Tony made that point even more clear when he ran through what is at stake: at 37 years old Manning is near the end of his career, he can’t move around at all and he can’t throw the ball down field.  He repeated: Manning is 37 years old, he can’t move around at all and he can’t throw the ball downfield.  With all that said - he is having the best season of his legendary career.

The NFL cannot let him go down this year and everybody knows it. There is far too much money in the pot.  I mean for goodness sake, what if he tore his ACL this year?

Forgive me for saying that, I don’t mean to jynx him - after all, he’s carrying my fantasy football team - “Chicago Fired”.  Just saying - it could happen and if it did happen it probably would happen on a late, low hit like the one he took against the chargers.

(BTW what the heck is up with ACL’s these days?  Has it really been coincidence that it seems like every other major sports star has gotten the itis recently?

Here’s a total list of every NFL player that has torn his acl - it’s 39:

LB Chris Clemens

QB Robert Grifin III

LB Victor Butler (NO)

OL Dan Koppen (DEN)

DE Melvin Ingram (SD)

DE Greg Scruggs (SEA)

CB Aaron Berry (NYJ)

LB Jonas Mouton (SD)

WR Jeremy Maclin (PHI)

WR Armon Binns (MIA)

LB Darius Fleming (SF)

LB Jason Phillips (PHI)

FB Mike Zordich (CAR)

OL Bryan Bulaga (GB)

CB Chris Culliver (SF)

WR Arrelious Benn (PHI)

WR Danario Alexander (SD)

WR Joseph Morgan (NO)

WR Vidal Hazleton (NYJ)

DE Phillip Hunt (PHI)

WR Keolah Pilares (CAR)

WR Kevin Elliott (BUF)

TE Dustin Keller (MIA)

CB Richard Crawford (WAS)

DE Will Smith (NO)

FS Stevie Brown (NYG)

OL Maurkice Pouncey (PIT)

RB LaRod Stephens-Howling (PIT)

OL Garry Williams (CAR)

DT Henry Melton (CHI)

RB Vick Ballard (IND)

DT Nate Collins (CHI)

OL Amini Silatolu (CAR)

QB Brian Hoyer (CLE)

LB Bryan Kehl (WAS)

WR Charles Johnson (CLE)

RB Mike Goodson (NYJ)

LB Desmond Bishop (MIN)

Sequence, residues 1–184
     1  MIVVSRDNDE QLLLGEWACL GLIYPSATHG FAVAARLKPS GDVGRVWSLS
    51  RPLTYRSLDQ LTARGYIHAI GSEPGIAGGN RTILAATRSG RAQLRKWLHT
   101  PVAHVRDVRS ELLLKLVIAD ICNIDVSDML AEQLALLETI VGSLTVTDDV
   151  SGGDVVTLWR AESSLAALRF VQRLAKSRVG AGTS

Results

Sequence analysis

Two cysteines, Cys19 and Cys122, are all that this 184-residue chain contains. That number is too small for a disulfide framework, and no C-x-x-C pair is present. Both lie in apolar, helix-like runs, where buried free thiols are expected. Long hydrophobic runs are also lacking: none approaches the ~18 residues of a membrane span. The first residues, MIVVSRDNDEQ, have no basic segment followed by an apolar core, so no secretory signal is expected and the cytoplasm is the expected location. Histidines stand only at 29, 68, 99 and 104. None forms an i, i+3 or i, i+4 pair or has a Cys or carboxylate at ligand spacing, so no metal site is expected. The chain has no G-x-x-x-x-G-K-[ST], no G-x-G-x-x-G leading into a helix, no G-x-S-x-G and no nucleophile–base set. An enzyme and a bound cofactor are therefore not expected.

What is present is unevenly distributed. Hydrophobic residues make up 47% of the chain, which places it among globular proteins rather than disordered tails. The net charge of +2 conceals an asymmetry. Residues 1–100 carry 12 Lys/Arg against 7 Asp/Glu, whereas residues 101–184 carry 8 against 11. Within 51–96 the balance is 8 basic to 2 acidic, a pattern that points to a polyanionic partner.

QB Sam Bradford (STL)

WR Reggie Wayne (IN

Sorry did I forget to mention that is the complete list of NFL players with ACL tears…so far in 2013!  There can be no doubt that this injury has gotten much more common.  Funny, I’ve heard that John Elway didn’t have an ACL at all.  It’s exactly thirty years since he was drafted…and now everybody is sitting out because of ACL problems.  What’s going on here? What the hell are they feeding us?!  Wipe my brow I’m worried about the future of sports.  But not really. Just in a campy, my generations sort of way.)

Anyway, I was talking about PTI, right?  11/11/13: it was a great episode.  Wilbon and Kornheiser collectively made the point of why it is stupid and not for obvious reasons to say - as Brandon Meriweather did after coming back from a suspension from a bad hit - that if you can’t hit a quarterback high anymore then you have to him low.  Uh - well, that’s not actually true.  “You can hit him the middle”, says Tony.  How big is the middle?  Wilbon smartly thinks it’s tiniest on the biggest and best Qbs.  He compared it to like a National League umpire calling strikes.

That’s where Peyton’s big, fat smelly MRI comes in.  By getting this MRI on his legs, Peyton is loudly re-establishing his own strike zone.  Everybody already knew how important he is to the league this year.  Now everybody also knows that he’s hurting - and one bad hit could cost the league millions.

The hit itself I think was a bad one.  It came late in a game that was all but over.  It also came late in the play, a half-second after Manning had gotten rid of the football.  It’s a fine line for sure, but referees can make sure defensive players don’t get away with smacking the league’s best QBs in that brief beat before its a blatant late hit and after the pass is out of the player’s hands.  It’s completely subjective.   And football is not like novels - the subject matters.  In this case, the subject - Manning - matters an awful lot the league interest this year.

At the end of the show, Reali informed the guys that after looking into the play the NFL deemed the hit OKAY.  The NFL is so awesome at PR.  Yes, they say, this hit is okay: they let everybody know this is still the brutal collision sport we all love.  That said, I am sure that league has let every referee know that if Manning gets hit the same way next week - it’s not going to fly.

Bravo Peyton.  It’s really a delight to watch you work.  Like Tony and Michael, you are just way smarter than anybody else at your position (well, maybe Brady).  The MRI was just one more of the millions of tiny calculations that make you one of the best QBs of all-time.   And by the way I agree with your unsaid point, you probably should get that kind of hit called a penalty more times than not.

Don’t you think the league should protect him?  I do.  Anyway, the best part of this story is that, as Tony says, Peyton is adaptable.  “He’s better at making compensatory moves than anybody else”.  However the refs are calling the games, Peyton is going to be Peyton.  He’s going to be great.  Getting hit is not beneath him.  He’d just rather not do it.